.NET Framework 4.5.1 Rolling Out Through WSUS on Tuesday

.NET Framework 4.5.1 Rolling Out Through WSUS on Tuesday

Microsoft generally does a good job warning customers about pending, forced updates. But, unless I missed something, the announcement that the .NET Framework 4.5.1 will be pushed down from the Microsoft servers on Tuesday caught me by surprise. And, it may be catching you by surprise, too – right before the Thanksgiving holiday.

On Friday, Microsoft took to the WSUS Product Team Blog to announce the WSUS servers would start filling up with the new .NET Framework bits on November 26, 2013. As most of you know, a new .NET Framework can most times cause issues with applications, if the update is not tested prior to company-wide implementation. I have the .NET Framework 4.5.1 installed on all my PCs (because they all run Windows 8.1) and have no problems whatsoever, however, I'm not running applications built around earlier versions of the .NET Framework. So, you'll definitely want to test to ensure that any business functionality will not break with this new release.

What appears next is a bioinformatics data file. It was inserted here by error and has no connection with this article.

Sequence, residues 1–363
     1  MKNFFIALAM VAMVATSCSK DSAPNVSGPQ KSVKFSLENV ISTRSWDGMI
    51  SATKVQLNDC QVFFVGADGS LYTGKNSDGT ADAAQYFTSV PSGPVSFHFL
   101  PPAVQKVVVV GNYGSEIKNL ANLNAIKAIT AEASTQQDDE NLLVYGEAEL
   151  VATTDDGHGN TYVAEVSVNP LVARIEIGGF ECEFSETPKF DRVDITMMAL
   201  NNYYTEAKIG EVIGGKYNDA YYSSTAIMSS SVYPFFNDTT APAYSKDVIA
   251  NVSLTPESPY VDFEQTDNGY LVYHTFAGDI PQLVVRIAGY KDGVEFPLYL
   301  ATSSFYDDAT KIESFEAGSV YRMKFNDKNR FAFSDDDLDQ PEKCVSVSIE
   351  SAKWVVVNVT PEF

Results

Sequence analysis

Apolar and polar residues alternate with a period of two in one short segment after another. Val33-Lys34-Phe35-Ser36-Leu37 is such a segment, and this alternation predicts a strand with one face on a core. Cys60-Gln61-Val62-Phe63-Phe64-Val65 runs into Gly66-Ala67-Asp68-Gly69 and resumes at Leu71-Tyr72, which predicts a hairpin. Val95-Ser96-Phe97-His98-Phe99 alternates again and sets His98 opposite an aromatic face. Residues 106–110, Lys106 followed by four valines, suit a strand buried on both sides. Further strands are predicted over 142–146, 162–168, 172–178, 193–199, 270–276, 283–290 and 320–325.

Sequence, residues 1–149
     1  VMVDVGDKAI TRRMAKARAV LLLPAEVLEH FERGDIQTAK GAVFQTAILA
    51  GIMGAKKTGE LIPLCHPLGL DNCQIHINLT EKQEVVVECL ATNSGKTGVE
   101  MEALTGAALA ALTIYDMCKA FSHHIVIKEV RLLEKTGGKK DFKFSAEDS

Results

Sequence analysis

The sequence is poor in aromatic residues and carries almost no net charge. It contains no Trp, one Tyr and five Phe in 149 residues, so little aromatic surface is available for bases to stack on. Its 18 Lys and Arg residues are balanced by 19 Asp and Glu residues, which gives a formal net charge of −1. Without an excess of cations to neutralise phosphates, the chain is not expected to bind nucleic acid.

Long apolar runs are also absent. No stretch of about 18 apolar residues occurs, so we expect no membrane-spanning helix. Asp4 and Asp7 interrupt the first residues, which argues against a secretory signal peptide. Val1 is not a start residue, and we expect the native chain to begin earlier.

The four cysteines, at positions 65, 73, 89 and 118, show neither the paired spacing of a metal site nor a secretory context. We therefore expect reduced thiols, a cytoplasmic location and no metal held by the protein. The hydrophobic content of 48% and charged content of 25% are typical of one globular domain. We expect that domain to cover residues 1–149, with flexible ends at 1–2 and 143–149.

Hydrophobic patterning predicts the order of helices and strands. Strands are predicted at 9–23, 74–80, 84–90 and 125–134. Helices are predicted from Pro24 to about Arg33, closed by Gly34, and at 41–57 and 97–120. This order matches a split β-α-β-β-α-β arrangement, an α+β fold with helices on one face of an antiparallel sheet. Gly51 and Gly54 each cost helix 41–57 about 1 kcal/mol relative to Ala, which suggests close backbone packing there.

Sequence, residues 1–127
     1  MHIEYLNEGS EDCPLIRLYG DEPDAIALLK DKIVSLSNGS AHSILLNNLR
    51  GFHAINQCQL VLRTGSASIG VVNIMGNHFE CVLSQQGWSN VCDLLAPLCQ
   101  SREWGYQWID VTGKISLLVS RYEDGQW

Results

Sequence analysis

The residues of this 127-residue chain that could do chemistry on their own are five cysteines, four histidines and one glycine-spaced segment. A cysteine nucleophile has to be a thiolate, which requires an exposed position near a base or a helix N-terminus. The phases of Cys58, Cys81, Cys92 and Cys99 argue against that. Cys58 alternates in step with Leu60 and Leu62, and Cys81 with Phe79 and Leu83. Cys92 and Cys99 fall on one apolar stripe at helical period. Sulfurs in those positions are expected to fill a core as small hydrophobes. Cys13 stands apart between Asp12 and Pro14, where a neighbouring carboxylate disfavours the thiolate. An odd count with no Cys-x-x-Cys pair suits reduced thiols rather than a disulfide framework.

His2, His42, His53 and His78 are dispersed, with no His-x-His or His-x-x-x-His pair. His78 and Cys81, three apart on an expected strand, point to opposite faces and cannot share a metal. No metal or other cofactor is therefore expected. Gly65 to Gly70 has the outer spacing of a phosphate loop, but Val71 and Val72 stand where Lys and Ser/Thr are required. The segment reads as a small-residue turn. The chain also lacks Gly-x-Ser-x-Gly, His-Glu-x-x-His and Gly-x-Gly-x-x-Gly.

Here's some important details about this release:

  • Windows 8.1, Windows RT 8.1, and Windows Server 2012 R2 already have the .NET Framework 4.5.1 installed. So, if you're running any of these OS versions, there's no need to worry. You're already using it.
  • The release of .NET Framework 4.5.1 coming to WSUS is targeted toward Windows Vista SP2, Windows 7 SP1, Windows Server 2008 SP2, Windows Server 2008 R2 SP1 and Windows Server 2012 (not R2).
  • If you're running Windows 8 or Windows RT (non-8.1 versions), the only way to get the .NET Framework 4.5.1 is to upgrade the PC or device to 8.1.

Of course, if you are using WSUS or System Center Configuration Manager, you have the ability to block the automatic installation of the release. However, for those companies only using Automatic Updates, you might consider blocking the automatic installation. If you don't want to deploy the .NET Framework 4.5.1 right away, you'll need to work through the procedure to block the installation. Microsoft has provided a KB Article that includes the steps required to successfully block the installation. The steps require a registry edit.

The article is here: How to temporarily block the installation of the .NET Framework 4.5.1 and its corresponding language packs

If you want to manually download .NET Framework 4.5.1 for testing in your environment, the links are here:

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